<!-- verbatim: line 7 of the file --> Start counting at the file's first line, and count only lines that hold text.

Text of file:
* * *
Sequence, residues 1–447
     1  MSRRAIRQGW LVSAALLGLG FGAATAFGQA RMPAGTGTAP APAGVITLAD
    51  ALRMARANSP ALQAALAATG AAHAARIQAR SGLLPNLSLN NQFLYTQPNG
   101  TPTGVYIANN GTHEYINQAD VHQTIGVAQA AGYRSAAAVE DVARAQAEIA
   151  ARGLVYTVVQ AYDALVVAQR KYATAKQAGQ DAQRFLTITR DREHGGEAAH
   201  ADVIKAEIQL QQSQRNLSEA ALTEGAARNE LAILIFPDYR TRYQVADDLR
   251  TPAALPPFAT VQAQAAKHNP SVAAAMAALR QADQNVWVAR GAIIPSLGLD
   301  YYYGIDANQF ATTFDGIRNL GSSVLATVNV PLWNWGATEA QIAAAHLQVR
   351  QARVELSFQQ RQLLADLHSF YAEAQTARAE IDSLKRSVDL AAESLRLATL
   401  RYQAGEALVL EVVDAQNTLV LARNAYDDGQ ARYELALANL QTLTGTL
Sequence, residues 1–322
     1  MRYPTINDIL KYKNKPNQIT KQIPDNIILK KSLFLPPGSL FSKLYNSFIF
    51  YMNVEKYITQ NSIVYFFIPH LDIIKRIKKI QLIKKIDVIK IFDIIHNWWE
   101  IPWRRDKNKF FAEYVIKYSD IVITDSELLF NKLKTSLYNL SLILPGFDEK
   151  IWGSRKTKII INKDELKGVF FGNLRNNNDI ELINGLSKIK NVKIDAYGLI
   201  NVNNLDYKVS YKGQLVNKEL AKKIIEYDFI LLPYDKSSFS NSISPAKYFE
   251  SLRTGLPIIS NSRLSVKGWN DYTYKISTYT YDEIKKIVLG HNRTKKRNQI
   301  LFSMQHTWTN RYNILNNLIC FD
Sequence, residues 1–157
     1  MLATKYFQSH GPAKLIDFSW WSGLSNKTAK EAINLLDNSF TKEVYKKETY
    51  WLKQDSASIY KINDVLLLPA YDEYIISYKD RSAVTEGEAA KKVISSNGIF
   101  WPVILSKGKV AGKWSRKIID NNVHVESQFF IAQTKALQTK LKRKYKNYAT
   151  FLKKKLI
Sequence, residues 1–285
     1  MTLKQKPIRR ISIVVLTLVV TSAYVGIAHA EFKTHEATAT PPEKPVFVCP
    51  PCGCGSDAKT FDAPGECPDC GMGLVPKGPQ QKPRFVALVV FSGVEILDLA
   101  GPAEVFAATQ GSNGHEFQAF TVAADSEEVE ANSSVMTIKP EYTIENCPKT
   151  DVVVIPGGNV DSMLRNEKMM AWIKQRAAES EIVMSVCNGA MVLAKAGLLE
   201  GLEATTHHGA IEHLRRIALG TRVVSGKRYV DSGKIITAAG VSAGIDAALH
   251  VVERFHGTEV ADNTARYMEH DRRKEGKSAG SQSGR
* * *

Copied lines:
   251  TPAALPPFAT VQAQAAKHNP SVAAAMAALR QADQNVWVAR GAIIPSLGLD